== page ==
Select the rectangle shape and Edit > Copy, Edit > Paste, positioning this second shape on the far right section of the page (between the 247.5 mm guide and the far-right bleed edge). Adjust the Fill to Turquoise.
6. Introduce Simple Geometric Shapes
Return to the Object Manager and Lock the Color layer; Unlock the next layer up, Colored Shapes.
Select Basic Shapes from the Toolbox, and you’ll notice that the Property Bar running along the top of the workspace now offers you some different options related to the Basic Shapes tool. Select a Triangle shape from the drop-down menu of options in the center of the Property Bar.
Click and drag onto the page, pulling out a triangle shape with a point that extends from the center of the left side of the document, with the flat edge of the triangle resting against the 198 mm guide, as shown below.
Under Object Properties, which you’ll find to the right of the workspace, next to the Object Manager tab, set the Outline of the triangle to None.
Set the Fill of the triangle to Lime Green.
Edit > Copy, and Edit > Paste the green triangle, and then drag the far-left point of the pasted shape back in on itself to flip the shape horizontally.
Adjust the Fill to Orange. Position this second triangle below the first green triangle, nesting them together, as shown, to create a rough rhombus shape. The triangles don’t have to match perfectly in size—a little imperfection can look good.
To adjust the size and shape of the triangles more easily, Right-Click > Convert to Curves.
You can also hit F10 on the keyboard to manipulate the nodes of a shape.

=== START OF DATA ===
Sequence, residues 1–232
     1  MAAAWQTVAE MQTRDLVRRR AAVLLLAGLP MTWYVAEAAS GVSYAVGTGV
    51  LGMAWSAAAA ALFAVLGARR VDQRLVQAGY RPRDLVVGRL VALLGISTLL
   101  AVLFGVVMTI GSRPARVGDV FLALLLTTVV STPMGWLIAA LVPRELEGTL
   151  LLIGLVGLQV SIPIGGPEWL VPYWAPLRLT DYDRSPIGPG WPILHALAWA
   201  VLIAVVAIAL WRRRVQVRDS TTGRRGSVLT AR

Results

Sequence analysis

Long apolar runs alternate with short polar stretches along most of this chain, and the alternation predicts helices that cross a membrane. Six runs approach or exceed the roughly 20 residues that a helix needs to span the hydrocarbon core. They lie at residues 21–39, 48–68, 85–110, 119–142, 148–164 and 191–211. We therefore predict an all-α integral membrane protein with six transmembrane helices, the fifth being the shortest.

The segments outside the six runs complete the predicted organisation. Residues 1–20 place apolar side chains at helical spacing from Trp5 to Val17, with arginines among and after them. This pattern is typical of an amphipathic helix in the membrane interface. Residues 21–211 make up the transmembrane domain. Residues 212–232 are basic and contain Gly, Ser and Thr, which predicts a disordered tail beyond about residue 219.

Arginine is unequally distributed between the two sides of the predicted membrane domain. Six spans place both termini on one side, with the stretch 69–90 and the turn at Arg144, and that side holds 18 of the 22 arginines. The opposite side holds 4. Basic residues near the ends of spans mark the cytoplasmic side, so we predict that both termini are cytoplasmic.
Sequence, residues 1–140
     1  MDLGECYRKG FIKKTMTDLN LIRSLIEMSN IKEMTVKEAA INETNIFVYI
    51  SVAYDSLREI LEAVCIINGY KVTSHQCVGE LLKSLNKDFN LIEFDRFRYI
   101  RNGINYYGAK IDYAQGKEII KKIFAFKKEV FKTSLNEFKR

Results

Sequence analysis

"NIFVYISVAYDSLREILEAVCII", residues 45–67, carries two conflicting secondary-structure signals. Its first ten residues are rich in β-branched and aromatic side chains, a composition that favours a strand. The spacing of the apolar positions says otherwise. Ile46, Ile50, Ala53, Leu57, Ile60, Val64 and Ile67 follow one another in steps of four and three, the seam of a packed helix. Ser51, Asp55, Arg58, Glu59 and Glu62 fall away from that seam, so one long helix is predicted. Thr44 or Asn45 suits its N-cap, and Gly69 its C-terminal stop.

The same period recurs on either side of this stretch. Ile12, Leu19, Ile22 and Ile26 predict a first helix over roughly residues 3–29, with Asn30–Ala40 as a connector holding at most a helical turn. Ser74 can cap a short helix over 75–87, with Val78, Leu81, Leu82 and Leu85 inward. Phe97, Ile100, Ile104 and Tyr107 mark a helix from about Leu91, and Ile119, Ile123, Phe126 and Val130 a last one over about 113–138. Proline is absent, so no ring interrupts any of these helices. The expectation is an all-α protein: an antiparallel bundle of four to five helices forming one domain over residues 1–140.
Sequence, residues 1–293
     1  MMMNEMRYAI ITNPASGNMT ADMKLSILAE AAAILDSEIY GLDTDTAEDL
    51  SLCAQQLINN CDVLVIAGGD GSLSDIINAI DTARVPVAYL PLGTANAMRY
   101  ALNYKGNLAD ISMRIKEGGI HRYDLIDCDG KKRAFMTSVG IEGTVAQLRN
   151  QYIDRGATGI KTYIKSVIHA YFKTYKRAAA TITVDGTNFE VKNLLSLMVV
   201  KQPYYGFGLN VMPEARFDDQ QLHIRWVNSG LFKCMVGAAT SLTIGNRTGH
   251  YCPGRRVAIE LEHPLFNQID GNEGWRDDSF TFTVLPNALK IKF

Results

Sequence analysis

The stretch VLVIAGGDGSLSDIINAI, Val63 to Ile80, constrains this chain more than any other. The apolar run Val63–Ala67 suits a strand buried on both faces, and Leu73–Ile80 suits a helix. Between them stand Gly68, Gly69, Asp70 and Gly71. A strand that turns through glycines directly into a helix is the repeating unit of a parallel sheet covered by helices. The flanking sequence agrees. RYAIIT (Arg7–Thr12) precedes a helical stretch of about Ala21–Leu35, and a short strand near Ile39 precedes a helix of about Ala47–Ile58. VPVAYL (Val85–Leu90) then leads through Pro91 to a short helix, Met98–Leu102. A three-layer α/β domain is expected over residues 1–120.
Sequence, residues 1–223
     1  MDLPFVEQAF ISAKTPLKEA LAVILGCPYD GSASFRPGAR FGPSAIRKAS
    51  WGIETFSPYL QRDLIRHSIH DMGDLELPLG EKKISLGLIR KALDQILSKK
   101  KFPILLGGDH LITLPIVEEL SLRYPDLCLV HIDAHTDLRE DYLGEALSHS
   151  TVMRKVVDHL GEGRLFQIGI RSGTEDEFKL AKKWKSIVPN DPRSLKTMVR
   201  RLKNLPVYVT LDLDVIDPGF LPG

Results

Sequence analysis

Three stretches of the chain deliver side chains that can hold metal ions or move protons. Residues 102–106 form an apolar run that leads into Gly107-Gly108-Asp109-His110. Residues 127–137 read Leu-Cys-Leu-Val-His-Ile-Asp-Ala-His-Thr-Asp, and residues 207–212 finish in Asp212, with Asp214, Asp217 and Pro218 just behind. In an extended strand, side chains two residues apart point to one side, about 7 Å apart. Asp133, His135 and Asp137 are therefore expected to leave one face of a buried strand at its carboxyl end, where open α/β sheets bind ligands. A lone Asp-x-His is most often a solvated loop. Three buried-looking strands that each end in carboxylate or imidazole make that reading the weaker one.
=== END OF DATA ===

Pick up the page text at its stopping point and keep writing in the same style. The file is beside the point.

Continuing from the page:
Edit > Copy, Edit > Paste the orange triangle to create a third triangle. Adjust the Fill to Hot Pink.
Pull the triangle back to make it more squat, and then position it so that the point of the triangle rests against the top of the green shape, and meets the edge of the photo of the beach.
Edit > Copy, Edit > Paste the green triangle, and stretch it out a little so it’s narrower. Position it so it fits nicely below the orange triangle, and extends across the right edge of the page. Change the Fill to Blue.
Take the Two-Point Line tool from the Toolbox.
Left-click with your mouse onto the page, hold the mouse-button down, drag downwards and release to create a short vertical line.
Position across the left side of the page, crossing the far left edge of the green triangle, just where the shape crosses the 49.5 mm guide.
Select both the green triangle with your cursor and the line, and Edit > Copy, Edit > Paste.
Position the pasted shapes, so that the line sits perfectly along the far guide, at 247.5 mm, with the triangle sitting centrally (horizontally) on the page.
Delete the two-point line on both the left and right sides of the page; we were just using these for guidance. Now, when you fold the brochure, the triangle shape will appear seamless.
Adjust the Fill of the pasted triangle to Blue.
Create another triangle shape, position as shown so that it fills the gap at the top right of the page, and change the Fill to Hot Pink. You can adjust the Angle of Rotation from the Property Bar if needed, to give your triangle shape the approximate position as shown below.
7. Introduce Clean, Minimal Typography
To make the text of your brochure appear modern, eye-catching and easy-to-read, you should try to choose a typeface in a clean sans serif. Fira Sans is a lovely choice, and it has lots of different weights to provide a bit of flexibility.
Download the font and return to CorelDRAW.
Back in the Object Manager, Lock the Colored Shapes layer, by clicking on the pencil icon to the left of the layer’s title. Unlock the next layer up, Typography, by also clicking on the pencil icon next to the layer’s name to remove the red circle sitting in front of the pencil.
Select the Text tool (F8) from the Toolbox, and drag to create a new text frame in the center of the page. Type ‘VISIT THE’ and set the Font to Fira Sans Normal, and increase the Font Size to 110 pt, from the options available in the Property Bar running along the top of the workspace.
Set the Font Color to White, from the set of colors in the Color Palette you can find at the bottom-left of the workspace.